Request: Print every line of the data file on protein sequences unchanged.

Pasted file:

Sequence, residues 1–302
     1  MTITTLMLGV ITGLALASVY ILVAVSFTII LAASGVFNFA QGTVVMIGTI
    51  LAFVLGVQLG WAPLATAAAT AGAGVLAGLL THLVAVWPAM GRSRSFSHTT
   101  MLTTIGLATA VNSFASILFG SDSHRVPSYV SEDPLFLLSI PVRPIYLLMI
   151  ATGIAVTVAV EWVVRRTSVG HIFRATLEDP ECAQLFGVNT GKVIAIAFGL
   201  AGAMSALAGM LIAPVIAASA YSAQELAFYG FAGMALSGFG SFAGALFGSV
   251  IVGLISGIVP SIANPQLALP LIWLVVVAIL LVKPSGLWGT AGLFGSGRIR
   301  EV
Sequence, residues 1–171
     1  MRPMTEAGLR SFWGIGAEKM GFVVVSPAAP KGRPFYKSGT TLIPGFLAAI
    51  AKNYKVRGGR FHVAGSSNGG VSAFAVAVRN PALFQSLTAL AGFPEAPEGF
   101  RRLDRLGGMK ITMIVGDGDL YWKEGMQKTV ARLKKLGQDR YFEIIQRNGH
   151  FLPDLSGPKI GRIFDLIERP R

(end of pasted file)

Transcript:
Sequence, residues 1–302
     1  MTITTLMLGV ITGLALASVY ILVAVSFTII LAASGVFNFA QGTVVMIGTI
    51  LAFVLGVQLG WAPLATAAAT AGAGVLAGLL THLVAVWPAM GRSRSFSHTT
   101  MLTTIGLATA VNSFASILFG SDSHRVPSYV SEDPLFLLSI PVRPIYLLMI
   151  ATGIAVTVAV EWVVRRTSVG HIFRATLEDP ECAQLFGVNT GKVIAIAFGL
   201  AGAMSALAGM LIAPVIAASA YSAQELAFYG FAGMALSGFG SFAGALFGSV
   251  IVGLISGIVP SIANPQLALP LIWLVVVAIL LVKPSGLWGT AGLFGSGRIR
   301  EV
Sequence, residues 1–171
     1  MRPMTEAGLR SFWGIGAEKM GFVVVSPAAP KGRPFYKSGT TLIPGFLAAI
    51  AKNYKVRGGR FHVAGSSNGG VSAFAVAVRN PALFQSLTAL AGFPEAPEGF
   101  RRLDRLGGMK ITMIVGDGDL YWKEGMQKTV ARLKKLGQDR YFEIIQRNGH
   151  FLPDLSGPKI GRIFDLIERP R